11-10-2010: Why Justin Duchscherer?

The Red Sox have also expressed interest in free agent pitcher Justin Duchscherer, who is coming off of hip surgery last June which cut short his season. 2011 will be Duchscherer’s age 33 season, and he’s only been able to pitch 28 innings over the past two seasons. Why would the Red Sox, who already feature a “full house” in the rotation, want someone like him?

All the data suggests that if “the Duke” is healthy, he could be a quality starter. That’s a big if for someone who’s suffered as many injuries as he has. My projection says something like a mid-3s ERA with good control is possible, but you just don’t know what you’ll get with someone who hasn’t pitched competitively in two years.

And let’s not forget that Curt Young, our new pitching coach, has a history with Duchscherer from his Oakland days and could lure him here for a Brad Penny/John Smoltz-type of gig (hopefully with better results). I’m all for this gamble, as it seems like it’ll be relatively cheap.

4-12-2010: The Good, the Bad and the Ortiz

After two series in the books, we sit at 3-3, tied for 3rd in the AL East with Tampa Bay. Let’s dig into the numbers a bit to try and gauge the team’s performance so far.

The Good

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Links: Early speculation on the Red Sox offseason plan

It’s never too early to start speculating about next year. It may seem like Spring Training is an eternity away, but the Sox have to start game-planning now. Should they tangle with Scott Boras again and risk Matt Holliday going to the Yankees or some other team at the last minute? Thinking they had and then not landing Mark Teixeira really left them in the lurch last year.

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2009 Projections: How did we do?

Now that the regular season is over, we can take a look back and compare our expectations with what we really saw. Here are the predictions I made on this blog before this season, and how it all turned out. Back in January I predicted that we would score about 835 runs, allow 729 runs and end up with a 92-70 record, winning the wild card. We got the wild card, but actually ended up with 95 wins, mainly due to the unexpected struggles of the Rays. Going into a bit more detail: Read more of this post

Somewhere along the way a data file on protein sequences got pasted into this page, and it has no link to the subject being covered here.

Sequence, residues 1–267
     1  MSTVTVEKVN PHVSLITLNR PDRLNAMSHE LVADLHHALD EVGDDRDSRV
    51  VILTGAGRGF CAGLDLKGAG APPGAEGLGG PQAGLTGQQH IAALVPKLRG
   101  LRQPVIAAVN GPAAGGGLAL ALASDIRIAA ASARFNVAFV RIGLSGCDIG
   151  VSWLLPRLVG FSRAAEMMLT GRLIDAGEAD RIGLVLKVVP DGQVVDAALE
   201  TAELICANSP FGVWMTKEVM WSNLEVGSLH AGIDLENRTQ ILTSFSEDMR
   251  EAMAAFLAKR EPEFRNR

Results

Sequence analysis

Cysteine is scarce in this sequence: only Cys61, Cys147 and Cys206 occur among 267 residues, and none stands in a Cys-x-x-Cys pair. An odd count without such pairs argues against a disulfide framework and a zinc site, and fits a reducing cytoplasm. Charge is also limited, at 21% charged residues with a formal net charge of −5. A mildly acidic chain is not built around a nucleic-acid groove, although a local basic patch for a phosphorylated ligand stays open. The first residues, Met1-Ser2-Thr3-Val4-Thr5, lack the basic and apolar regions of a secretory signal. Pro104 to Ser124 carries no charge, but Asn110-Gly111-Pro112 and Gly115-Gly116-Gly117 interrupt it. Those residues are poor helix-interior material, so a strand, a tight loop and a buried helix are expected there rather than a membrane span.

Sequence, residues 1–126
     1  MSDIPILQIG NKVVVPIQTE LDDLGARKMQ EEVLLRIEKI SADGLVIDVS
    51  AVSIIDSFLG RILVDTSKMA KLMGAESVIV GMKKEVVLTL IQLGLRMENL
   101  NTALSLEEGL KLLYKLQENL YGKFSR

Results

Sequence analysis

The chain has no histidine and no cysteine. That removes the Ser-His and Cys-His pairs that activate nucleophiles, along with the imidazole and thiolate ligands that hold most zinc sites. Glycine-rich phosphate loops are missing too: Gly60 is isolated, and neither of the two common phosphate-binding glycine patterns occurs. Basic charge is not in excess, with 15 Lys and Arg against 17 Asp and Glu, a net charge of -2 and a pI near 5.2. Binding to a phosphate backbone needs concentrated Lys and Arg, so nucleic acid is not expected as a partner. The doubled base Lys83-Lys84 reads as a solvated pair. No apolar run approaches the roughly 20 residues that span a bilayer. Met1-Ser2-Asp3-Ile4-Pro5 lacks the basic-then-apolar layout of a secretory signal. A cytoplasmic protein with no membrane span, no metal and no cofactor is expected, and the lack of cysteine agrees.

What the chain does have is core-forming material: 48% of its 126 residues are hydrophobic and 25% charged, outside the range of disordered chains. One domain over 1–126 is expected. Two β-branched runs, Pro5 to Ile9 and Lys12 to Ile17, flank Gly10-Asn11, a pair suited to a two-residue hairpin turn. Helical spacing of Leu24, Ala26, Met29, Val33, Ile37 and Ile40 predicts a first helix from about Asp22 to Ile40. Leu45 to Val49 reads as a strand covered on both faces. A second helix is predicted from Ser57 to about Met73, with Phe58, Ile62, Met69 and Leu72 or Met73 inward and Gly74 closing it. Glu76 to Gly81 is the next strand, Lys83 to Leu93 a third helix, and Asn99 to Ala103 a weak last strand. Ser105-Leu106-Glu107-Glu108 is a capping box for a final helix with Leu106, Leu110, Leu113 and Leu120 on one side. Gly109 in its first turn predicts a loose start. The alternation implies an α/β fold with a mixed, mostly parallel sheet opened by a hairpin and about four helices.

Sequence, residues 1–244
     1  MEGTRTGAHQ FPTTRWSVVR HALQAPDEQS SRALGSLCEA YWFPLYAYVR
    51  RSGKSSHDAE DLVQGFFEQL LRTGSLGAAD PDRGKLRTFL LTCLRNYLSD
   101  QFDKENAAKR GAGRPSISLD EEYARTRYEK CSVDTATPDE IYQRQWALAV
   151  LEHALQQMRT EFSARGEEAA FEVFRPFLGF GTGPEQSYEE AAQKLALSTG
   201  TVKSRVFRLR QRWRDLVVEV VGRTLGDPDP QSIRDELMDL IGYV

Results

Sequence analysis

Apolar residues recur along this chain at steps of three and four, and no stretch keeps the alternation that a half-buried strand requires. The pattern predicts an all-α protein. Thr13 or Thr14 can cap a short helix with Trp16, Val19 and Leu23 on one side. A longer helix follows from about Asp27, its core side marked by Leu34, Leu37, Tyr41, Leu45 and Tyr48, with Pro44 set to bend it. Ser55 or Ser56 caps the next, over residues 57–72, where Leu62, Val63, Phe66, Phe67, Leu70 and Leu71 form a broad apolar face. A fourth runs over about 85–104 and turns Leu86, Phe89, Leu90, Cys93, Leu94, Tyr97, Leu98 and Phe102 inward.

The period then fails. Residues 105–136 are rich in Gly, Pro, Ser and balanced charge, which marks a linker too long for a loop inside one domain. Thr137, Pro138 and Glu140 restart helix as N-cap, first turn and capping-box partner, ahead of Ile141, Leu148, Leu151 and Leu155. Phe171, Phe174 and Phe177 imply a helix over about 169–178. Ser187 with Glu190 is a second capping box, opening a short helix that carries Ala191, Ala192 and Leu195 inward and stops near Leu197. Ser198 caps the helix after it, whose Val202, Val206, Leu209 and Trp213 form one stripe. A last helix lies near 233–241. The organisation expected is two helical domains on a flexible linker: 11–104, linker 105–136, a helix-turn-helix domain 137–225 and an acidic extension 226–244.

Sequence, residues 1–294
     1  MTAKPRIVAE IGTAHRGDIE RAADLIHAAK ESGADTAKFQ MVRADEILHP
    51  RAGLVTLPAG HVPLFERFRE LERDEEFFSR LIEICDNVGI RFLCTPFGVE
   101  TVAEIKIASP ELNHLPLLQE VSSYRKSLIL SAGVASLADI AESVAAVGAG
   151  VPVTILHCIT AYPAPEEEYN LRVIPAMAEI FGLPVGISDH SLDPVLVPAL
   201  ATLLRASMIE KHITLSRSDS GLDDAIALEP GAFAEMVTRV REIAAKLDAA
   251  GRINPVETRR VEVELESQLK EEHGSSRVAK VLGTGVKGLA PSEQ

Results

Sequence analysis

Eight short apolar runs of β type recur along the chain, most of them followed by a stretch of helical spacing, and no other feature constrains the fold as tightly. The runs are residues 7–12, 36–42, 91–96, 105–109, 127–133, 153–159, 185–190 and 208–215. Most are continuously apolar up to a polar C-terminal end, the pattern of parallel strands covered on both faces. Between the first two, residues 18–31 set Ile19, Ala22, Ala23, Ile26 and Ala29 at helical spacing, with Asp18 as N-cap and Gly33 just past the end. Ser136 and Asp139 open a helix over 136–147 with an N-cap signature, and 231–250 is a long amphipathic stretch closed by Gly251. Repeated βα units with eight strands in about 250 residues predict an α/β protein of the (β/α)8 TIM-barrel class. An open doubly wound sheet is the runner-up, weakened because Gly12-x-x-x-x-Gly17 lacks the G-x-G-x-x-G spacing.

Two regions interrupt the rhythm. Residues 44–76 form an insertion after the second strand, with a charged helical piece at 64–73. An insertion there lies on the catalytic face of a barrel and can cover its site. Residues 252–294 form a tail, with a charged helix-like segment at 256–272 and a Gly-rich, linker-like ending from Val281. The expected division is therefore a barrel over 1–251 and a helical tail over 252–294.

The real Boston rotation stands up

As we come down the stretch, four games ahead in the wild card race and seven behind the Yankees, the Red Sox are in a familiar and strangely comfortable place. All they have to do is continue doing what they’re doing, which right now happens to be playing winning baseball. Josh Beckett seems to have shaken off his rough stretch, Jon Lester has shown himself to be perhaps the top lefty in all of baseball this season, and Clay Buchholz is piling up the quality starts. Daisuke Matsuzaka is back in shape and will take the ball tomorrow against the Angels, and you have to think, apart from losing Dice-K for most of this year, this was the plan all along. Well, more or less.

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Smoltz successful in NL debut

Here’s the line for the starting pitcher for the St. Louis Cardinals on Sunday – 5 IP, 3 hits, 0 runs, 0 walks and 9 Ks, including a streak of 7 men in a row. That line belonged to John Smoltz, formerly of the Red Sox organization. I should acknowledge that this happened against the Padres, who feature kind of a Quad-A lineup right now, but still…

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Smoltz, Lowrie and rehabbing pitchers

John Smoltz has been DFA’d and cleared waivers; he has also refused a bullpen or minor-league assignment. If the Sox can not find a trade partner by Sunday, they will have to release him outright. This may be what happens, despite interest by a few teams, as explained by Sean McAdam. Basically, Smoltz’s salary requirements fall drastically after he is released by Boston, so unless someone REALLY wants him, they will let him become a free agent, then sign him for the league minimum. Unless the Braves step up (unlikely), that is what will happen. Some in the sabermetric community still believe that Smoltz has some useful innings left in him.

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